In 1901–1904, Charles McKim designed Robinson Hall at the north edge of Sever Quadrangle for the architecture program, founded by H. Langford Warren in 1893. Originally President Charles W. Eliot thought that Warren would design the building but ultimately was persuaded that engaging an architect who was not a member of the Harvard faculty would be preferable. Warren greatly respected McKim, and the two developed plans that would serve Warren's curriculum. Robinson Hall was the first building to be constructed solely for the teaching of architecture in the United States. Rebuilt in 1972–1973, when the Graduate School of Design was relocated, Robinson Hall originally included a Hall of Casts and lecture rooms for instruction in architectural history on the first floor and a large drafting room and a library on the second floor. The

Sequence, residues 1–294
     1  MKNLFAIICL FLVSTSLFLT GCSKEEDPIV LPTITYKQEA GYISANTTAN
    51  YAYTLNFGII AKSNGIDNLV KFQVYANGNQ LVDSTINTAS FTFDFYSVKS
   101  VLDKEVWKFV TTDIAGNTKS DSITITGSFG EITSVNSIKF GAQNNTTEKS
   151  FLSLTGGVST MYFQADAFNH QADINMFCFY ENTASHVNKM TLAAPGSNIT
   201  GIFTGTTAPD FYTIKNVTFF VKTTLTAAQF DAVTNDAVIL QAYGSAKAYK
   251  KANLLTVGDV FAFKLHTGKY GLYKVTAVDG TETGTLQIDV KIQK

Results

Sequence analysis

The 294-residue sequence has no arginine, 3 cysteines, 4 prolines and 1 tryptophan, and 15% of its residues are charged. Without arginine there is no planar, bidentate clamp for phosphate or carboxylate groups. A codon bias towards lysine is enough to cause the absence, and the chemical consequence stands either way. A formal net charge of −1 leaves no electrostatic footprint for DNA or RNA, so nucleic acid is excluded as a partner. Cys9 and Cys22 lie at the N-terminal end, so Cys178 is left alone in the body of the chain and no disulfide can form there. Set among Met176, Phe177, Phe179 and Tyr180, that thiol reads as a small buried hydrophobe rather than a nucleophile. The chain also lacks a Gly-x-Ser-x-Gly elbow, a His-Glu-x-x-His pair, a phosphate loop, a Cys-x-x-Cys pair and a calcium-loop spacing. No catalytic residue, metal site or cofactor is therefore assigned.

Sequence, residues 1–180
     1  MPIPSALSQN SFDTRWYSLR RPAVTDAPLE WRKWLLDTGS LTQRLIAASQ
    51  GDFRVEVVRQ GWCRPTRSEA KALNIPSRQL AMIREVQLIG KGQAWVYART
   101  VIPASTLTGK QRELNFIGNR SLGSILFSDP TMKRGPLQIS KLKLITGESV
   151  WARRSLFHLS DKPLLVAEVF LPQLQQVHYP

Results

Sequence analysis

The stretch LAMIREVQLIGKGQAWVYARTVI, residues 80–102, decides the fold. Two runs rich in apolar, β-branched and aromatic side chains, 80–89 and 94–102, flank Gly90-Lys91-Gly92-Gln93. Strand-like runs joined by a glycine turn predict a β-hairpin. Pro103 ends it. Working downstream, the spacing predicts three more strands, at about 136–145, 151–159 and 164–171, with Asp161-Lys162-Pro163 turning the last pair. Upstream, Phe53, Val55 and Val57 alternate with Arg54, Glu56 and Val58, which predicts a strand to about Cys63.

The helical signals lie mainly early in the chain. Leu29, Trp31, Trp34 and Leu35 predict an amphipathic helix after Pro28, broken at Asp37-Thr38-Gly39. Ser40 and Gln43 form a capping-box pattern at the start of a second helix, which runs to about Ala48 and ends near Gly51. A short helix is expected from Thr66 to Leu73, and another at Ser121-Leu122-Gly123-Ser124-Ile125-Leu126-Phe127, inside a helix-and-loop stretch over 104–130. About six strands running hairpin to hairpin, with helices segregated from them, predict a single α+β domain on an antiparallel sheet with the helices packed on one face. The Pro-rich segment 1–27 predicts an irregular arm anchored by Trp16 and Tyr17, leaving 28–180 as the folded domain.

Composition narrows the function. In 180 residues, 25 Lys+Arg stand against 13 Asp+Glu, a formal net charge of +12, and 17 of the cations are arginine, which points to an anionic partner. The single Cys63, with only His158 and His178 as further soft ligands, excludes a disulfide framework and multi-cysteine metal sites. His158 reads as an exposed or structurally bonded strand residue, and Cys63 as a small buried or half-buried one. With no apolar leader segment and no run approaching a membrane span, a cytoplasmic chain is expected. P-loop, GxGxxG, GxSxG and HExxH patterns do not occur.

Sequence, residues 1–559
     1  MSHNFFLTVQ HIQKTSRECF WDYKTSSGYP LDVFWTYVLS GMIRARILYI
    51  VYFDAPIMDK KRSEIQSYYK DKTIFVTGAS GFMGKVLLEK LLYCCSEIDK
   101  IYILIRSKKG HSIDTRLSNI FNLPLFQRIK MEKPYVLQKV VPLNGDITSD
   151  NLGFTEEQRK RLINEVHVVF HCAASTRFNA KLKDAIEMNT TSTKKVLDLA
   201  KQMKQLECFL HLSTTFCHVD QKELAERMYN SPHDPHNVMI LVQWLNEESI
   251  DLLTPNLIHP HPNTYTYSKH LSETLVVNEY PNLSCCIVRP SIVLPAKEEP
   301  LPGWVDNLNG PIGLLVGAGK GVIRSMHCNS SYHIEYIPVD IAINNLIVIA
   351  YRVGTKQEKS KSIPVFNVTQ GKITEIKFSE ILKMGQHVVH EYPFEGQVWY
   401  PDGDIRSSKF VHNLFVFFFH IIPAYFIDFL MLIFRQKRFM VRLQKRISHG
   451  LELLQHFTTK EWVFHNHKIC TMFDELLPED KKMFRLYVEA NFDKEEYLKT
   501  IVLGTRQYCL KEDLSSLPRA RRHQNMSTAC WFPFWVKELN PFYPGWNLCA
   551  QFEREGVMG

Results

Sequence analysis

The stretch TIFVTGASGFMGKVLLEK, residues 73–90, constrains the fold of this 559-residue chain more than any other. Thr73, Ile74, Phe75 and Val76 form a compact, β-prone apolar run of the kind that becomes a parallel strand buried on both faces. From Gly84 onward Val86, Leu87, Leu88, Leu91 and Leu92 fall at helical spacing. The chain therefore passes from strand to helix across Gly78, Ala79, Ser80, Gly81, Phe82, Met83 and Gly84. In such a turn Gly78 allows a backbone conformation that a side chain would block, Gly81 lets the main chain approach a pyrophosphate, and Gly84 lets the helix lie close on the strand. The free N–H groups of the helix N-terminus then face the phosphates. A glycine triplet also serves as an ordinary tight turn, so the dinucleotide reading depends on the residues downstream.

Forming the southern edge of Sever Quadrangle, Emerson Hall (1900–1904, Guy Lowell), erected for the Philosophy Department, is more monumental in design than Robinson Hall, with engaged Ionic columns that rise two stories in height. Like Robinson Hall, the red brick building was directly associated with Eliot's recruitment of faculty, expansion of departments, development of graduate programs, and the transformation of Harvard into a world-class university. In 1911, Guy Lowell designed a new president's house (now Loeb House, 17 Quincy Street), located directly behind Emerson Hall, where his cousin, A. Lawrence Lowell, would reside. This design was finely detailed in a Federal Revival manner, evoking Charles Bulfinch's houses in Boston.